Married business partners face a number of options should they decide to divorce, explains JOHN ROBERTS
It isn’t uncommon for married couples to enter a joint business venture together, but unfortunately, it is also common for a marriage to end in divorce. When you’ve built a business from the ground up with your partner, what’s to come of the company after the relationship breaks down?
Under the Family Law (Scotland) Act 1985, the ‘net value of matrimonial property’ should be split fairly between both parties in the event of divorce.
A business is an asset, regardless of whose name the business is in, or which party owns a larger share: if the business was started after marriage, or restructured to accommodate the other party after marriage, then it is a marital asset and must be dealt with as such.
A pre-nuptial agreement (pre-nup) is an agreement made and signed, often prior to marriage, stating which partner has ownership of certain assets throughout the marriage and in the event of divorce. Not everybody is aware that a pre-nup can be put in place at any point throughout the marriage, and is advised for couples who are starting a business together. Obviously, no couple expects their marriage to end in divorce, but it can happen, and when it comes to a business, it’s always better to be prepared for the worst.
Without a pre-nup in place, there are a few avenues that divorcing couples can consider when it comes to their joint business.
Business as usual
Although the marriage may be ending, not all partners feel the need to cut business ties. For some, they can civilly facilitate joint ownership of the business after the divorce. This is, of course, not a viable solution for everybody and it takes a certain type of person and certain type of relationship to make it work.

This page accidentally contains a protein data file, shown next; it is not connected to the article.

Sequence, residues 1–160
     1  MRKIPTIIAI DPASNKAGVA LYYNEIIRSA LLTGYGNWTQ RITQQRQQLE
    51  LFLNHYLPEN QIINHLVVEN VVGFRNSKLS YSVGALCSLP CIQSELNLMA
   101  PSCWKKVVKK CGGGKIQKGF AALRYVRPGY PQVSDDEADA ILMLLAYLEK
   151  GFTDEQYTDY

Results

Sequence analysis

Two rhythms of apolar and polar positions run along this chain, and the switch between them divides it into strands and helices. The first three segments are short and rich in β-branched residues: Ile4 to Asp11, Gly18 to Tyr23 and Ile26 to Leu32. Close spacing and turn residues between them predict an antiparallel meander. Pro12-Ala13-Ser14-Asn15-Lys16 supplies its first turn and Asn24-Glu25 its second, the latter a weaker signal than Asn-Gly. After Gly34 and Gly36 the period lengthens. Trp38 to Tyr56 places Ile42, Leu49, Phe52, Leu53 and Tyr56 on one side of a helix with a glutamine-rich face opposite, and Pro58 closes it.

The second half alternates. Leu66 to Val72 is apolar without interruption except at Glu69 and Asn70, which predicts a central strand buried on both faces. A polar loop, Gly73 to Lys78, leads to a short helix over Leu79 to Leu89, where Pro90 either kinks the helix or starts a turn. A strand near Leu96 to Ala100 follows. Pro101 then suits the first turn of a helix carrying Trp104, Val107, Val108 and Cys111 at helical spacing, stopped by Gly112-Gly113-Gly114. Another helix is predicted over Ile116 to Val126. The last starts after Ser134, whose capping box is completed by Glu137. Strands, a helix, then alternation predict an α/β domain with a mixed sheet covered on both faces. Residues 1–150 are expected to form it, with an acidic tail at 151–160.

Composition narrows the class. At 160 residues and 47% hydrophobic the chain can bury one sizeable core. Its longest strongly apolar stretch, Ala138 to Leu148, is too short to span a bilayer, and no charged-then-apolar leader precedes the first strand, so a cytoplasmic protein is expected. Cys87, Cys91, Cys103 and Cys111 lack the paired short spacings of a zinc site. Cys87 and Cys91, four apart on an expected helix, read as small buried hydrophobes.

Splitting the business
If both parties wish to keep the business but do not wish to associate themselves with the other, splitting the business can be a potential solution. Theoretically, it may be relatively easy to split the business if there are already two existing commercial areas or trading divisions, but there may be many central resources that are likely shared between the two, such as accounting or marketing. And of course the business premises needs to be thought through – do the divorcing couple really want to see each other every day? The reality of dividing business assets down the middle can be complicated.
Selling the business
Both parties can mutually agree to sell the business, materialising the asset and allowing the financial fruit of the sale to be split equally.
If one party wishes to solely own the business, they may pay off the other party. For this to occur, the business must be valued – usually by an independent third party. Valuation of a business is not an exact science, and different accountants may conclude a different valuation, so it’s advised to get multiple valuations and to use a solicitor to agree on a fair price.
If the party keeping the business cannot afford to pay the other, then other assets can be used for negotiation. For example, one partner may keep the business whilst the other keeps the marital home, but both parties must agree to this deal and the court will take into account any long-term effects there may be on either party’s earnings, or whether either’s pension is tied up in the business.
Calling it a day
If no reasonable arrangement can be decided between parties, the court may rule that the business must be closed. The court is often reluctant to do this if there are employees who would lose their jobs due to the business closing, but often, when no other agreement can be reached, it is the only viable option.
We’ve also read about high profile divorce cases between business power couples but no matter what the size or sector of your business, it is always wise to consult a family lawyer to discuss how the assets might be split in the event of a marital breakdown.
John Roberts is a partner and director at Austin Lafferty. He has been with the firm for almost 20 years, with experience in all areas of family law, including divorce and separation, adoption and contact.